Day says he doesn’t re­mem­ber much about those days.“Maybe I’ve blocked it out,” he says.“I look back on the in­flu­ence my dad had on my life and ca­reer, and I just try to take the best parts of what he had.”Although on “Feherty” he said, “Ev­ery now and then I think about him and ab­so­lutely hate him.”

But Day re­calls, and some­times draws on, the sen­sa­tions of be­ing in those early fights.“Any­thing can hap­pen, so you have to con­trol your at­ti­tude and stay strong,” he says.“An­other per­son is try­ing to hurt you, and you’re try­ing to hurt them, so if you make a mis­take, you’re in trou­ble. My dad was the way he was, but he also gave me a motto: never say die. Just to keep push­ing and push­ing, fight­ing un­til the end. He put it in my head that you’re al­ways go­ing to fight, and you’re al­ways go­ing to beat them. At the same time, my mother, who is the hard­est worker I know, told me that the best thing about me was that I never give up. If I have an ex­tra gear, that’s where it comes from.”

Although he hasn’t been in a fight since he was 13 – “I would suck at it now” – Day knows there is a hard­ness from those days deep within. He ac­cessed it in win­ning the WGC-Match Play in 2014 and 2016, and in his in­sis­tence dur­ing those mano-a-mano bat­tles on mak­ing op­po­nents putt short ones that might nor­mally be con­ceded.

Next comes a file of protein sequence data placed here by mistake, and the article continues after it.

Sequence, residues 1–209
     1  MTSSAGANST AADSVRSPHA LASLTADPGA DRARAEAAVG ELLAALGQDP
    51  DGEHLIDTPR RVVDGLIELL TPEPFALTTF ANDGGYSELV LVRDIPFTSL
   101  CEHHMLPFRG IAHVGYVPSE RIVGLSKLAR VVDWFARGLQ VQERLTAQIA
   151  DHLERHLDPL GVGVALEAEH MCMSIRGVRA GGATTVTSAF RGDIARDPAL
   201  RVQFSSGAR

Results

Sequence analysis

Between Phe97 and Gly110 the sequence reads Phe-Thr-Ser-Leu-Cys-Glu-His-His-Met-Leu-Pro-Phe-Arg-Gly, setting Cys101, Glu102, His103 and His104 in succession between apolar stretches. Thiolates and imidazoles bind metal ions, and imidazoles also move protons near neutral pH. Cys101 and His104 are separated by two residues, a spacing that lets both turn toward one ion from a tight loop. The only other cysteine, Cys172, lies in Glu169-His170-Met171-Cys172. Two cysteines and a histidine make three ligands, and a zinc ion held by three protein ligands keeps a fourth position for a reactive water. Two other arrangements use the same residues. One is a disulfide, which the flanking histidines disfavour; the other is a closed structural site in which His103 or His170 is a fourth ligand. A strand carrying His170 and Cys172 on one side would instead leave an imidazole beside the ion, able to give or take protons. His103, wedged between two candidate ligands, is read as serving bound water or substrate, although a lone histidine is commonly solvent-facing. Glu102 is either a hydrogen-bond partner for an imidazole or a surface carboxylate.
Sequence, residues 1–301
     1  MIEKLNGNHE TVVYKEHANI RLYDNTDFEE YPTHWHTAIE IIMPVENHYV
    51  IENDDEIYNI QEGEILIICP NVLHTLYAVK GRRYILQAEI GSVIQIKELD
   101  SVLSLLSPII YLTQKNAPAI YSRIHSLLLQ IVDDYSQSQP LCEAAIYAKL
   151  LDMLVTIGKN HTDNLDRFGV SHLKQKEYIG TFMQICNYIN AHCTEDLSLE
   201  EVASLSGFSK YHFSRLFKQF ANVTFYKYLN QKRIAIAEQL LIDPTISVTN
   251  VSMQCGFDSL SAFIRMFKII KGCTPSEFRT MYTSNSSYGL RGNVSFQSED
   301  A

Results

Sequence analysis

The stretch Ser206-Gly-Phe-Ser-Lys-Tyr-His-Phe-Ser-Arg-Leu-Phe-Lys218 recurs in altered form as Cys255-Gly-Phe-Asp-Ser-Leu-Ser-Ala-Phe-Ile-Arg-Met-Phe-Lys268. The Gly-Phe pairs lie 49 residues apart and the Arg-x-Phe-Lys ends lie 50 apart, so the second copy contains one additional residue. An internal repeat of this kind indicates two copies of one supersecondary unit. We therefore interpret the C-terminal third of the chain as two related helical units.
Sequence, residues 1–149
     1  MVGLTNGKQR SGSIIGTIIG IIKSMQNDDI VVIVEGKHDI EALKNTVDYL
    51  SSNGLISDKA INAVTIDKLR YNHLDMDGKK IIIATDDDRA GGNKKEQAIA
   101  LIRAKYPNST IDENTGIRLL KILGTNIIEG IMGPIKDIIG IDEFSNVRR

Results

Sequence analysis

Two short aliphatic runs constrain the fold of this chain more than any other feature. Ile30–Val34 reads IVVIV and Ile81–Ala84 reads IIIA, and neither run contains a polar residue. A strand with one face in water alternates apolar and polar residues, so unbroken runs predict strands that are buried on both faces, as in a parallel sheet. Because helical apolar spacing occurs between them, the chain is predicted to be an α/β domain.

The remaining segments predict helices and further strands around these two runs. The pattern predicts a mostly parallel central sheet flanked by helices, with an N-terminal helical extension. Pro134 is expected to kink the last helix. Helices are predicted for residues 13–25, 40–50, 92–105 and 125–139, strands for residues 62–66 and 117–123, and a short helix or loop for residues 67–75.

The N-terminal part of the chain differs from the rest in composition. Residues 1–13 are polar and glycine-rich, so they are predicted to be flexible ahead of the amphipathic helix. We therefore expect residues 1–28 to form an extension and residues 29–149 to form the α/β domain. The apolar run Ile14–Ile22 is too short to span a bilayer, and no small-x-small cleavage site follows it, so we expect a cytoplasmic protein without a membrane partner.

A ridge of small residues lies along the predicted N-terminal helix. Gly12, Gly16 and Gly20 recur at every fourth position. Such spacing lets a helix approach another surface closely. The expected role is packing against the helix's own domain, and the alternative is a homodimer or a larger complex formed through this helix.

The in­creased self-aware­ness that has been part of Day’s growth as a player is re­flected in a lex­i­con that clearly sees tour­na­ment golf as a psy­cho­log­i­cal bat­tle. He favours terms such as “fight or flight,” “in­stant” ver­sus “de­layed” grat­i­fi­ca­tion, “be­ing com­fort­able with be­ing un­com­fort­able,” avoid­ing “self-sab­o­tage,” and the need to “walk to­wards the fear” to de­scribe his feel­ings and thoughts dur­ing com­pe­ti­tion.

At Bay Hill, where he hung in and came from be­hind to win on the strength of his short game – he did the same thing a week later at the Match Play, par­tic­u­larly in beat­ing McIl­roy in a tense semi­fi­nal – Day ad­mit­ted the stress of mak­ing up for poor ball-strik­ing pre­sented a test he used to be un­able to pass.“It’s so un­com­fort­able, you feel like you want to run away,” he said.“Times like that are where you go, ‘I can’t fo­cus on run­ning away. I have to face this straight on. I’ve got to fight for this win.’ ” B LIB­ER­AT­ING BREAK­THROUGH reak­ing through has been lib­er­at­ing and energising. See­ing what’s pos­si­ble, he has stepped up ef­forts in ev­ery area. Un­der trainer Cor­nell Driessen, the 6-foot, 86-kilo­gram has fo­cused on strength­en­ing his core for greater speed and to guard against more in­jury to what has been a trou­ble­some lower back. Cad­die, coach and fa­ther fig­ure Colin Swat­ton guides Day through the tech­ni­cal and men­tal chal­lenges, as he has done since Ja­son was 12. Day has also in­creased his tex­ting cor­re­spon­dence with child­hood hero and friend Tiger Woods, say­ing “If you’re go­ing to pick a brain, it would be his.”